Early Start: 'I started robbing when I was 7' – Suspect tells police

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The suspects, Yusuf lawal and Taju Alabi

A 20-year-old armed robbery suspect shocked the police when he said he started robbing at 7.

Yusuf Lawal, a 20-year-old armed robbery suspect arrested by the Lagos State Police Command, shocked officers and journalists that he started his robbery expedition at the early age of seven, reports Punch.

Lawal, also known as Eletu, was arrested alongside his 19-year-old sidekick, Taju Alabi, alias Kolo, at the Ebute Meta area of the state, with the police describing them as some of the deadliest and merciless robbers that have been terrorising the state.

Read: “Catch Them Young: How robbers force kids to steal for them”

The duo was arrested by officers of the Special Anti-Robbery Squad (SARS), attached to the State Department of Criminal Investigation, while patrolling Kadiri and Kano Streets in the early hours of Monday, November 16, when they heard a cry for help and on storming the areas, police discovered that a group of robbers, numbering 19, were operating in the community at the time.

The police, while responding to the call for help, arrested 20-year-old Lawal who was said to be dispossessing a victim of money, phones, and other valuables while his accomplice stabbed the victim and fled the scene.

Read: “Bad Child: Police officer’s son nabbed for armed robbery”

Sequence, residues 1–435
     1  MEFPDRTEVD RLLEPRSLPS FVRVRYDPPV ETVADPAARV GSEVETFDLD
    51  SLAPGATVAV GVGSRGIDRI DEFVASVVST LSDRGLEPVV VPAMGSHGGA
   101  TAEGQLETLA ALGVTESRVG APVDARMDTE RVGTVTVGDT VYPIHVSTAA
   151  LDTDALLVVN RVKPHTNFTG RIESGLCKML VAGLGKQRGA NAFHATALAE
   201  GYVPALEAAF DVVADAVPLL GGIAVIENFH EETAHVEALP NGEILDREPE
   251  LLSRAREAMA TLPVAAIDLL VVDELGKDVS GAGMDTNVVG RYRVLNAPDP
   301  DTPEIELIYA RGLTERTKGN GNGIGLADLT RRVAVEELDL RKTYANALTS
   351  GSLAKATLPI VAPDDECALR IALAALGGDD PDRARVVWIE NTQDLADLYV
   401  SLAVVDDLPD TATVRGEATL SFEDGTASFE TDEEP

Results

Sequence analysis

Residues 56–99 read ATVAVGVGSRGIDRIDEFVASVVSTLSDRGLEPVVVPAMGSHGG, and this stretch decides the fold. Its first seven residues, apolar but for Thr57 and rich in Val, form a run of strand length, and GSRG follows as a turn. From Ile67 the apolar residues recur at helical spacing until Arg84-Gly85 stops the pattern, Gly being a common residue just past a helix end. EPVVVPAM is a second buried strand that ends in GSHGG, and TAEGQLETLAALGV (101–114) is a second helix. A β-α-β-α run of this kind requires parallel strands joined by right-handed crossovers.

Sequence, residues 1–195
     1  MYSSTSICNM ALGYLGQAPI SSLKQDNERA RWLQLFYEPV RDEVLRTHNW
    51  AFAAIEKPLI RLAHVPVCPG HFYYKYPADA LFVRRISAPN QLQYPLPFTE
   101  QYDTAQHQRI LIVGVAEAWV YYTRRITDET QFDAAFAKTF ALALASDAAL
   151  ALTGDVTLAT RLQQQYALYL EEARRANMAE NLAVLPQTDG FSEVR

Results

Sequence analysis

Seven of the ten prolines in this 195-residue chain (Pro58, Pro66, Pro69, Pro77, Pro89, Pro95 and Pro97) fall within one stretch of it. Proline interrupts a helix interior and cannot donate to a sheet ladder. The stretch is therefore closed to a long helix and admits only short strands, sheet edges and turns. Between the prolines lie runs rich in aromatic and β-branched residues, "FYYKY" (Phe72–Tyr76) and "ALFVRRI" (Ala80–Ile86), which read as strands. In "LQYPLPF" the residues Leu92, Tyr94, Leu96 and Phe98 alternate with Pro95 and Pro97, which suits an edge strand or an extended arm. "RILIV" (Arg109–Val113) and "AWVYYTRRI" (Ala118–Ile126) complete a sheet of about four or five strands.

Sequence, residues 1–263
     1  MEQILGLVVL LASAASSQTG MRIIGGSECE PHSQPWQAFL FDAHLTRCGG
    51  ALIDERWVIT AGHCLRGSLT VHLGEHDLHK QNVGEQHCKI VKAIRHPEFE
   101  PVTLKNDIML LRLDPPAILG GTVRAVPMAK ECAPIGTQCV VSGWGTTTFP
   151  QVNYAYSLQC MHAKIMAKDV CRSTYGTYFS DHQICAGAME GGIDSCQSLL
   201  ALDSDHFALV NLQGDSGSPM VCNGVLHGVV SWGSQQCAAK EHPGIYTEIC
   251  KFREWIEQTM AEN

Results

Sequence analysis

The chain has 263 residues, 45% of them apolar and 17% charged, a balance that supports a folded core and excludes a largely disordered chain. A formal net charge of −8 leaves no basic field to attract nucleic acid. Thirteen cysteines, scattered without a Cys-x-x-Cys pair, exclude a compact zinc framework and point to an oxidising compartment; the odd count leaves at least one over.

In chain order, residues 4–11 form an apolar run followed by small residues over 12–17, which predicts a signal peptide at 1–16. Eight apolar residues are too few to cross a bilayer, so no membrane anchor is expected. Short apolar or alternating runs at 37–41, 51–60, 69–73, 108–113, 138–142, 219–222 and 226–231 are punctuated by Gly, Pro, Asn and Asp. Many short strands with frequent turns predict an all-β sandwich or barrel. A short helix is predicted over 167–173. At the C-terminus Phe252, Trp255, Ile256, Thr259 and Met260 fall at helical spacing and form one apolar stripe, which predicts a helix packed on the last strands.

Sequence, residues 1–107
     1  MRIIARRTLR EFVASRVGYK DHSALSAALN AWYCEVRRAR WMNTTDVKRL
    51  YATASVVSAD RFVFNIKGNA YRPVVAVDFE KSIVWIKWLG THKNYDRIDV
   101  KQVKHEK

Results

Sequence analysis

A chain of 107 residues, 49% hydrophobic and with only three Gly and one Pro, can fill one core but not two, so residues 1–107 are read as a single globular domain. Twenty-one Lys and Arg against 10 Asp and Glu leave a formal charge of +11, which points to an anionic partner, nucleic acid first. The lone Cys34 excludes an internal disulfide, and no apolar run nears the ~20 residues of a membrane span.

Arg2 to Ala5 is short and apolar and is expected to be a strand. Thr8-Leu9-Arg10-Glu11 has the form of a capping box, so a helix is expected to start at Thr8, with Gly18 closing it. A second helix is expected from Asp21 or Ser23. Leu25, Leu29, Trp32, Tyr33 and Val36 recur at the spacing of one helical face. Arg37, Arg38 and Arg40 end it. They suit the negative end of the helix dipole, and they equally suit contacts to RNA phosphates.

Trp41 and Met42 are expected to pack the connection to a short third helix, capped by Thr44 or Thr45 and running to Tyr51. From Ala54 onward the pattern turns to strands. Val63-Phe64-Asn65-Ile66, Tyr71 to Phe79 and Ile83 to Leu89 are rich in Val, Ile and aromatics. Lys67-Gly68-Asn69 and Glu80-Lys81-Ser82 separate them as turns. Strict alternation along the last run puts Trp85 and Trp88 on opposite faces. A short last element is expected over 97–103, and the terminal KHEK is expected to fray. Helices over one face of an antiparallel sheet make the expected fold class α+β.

Lawal, a father of one, told the police he is an only child said he started with petty robbery and refused to stop even after his father had told him to.

“I am the only child of my parents. I grew up not knowing my mother, who died when I was still a child. I don’t know what my father does for a living.

My father could not correct me because I always overpowered him whenever he attempted to do so. I later ran away from home and started living with a friend in Idi-Oro, Mushin.

I started robbing when I was seven after I quit primary school. My friend, Sule, introduced me to robbery and we always went out to rob residents. We stole phones, money, and other valuables.

Also, we usually rob very early in the morning. I will turn a new leaf if the police can release me.”

His partner in crime, Alabi, denied knowing Lawal and never participated in any robbery operation with him, but a confrontation ensued between them as they exchanged words.

“On two different occasions, I stole phones and gave them to you to sell, which you did and we later shared the money.

You saw me living large and you asked me for the secret, and I told you. We have been doing this together so tell the truth. When we were robbing people, you should have known this will be the end,” Lawal said.

Alabi, confronted with the reality, subsequently owned up, adding that he had only gone for three operations.

“Yes, he’s my friend and we have been friends since childhood. We met at Mushin. I work at a car-wash and I am also a bus conductor. I have only stolen three phones. It is true that we rob people.”

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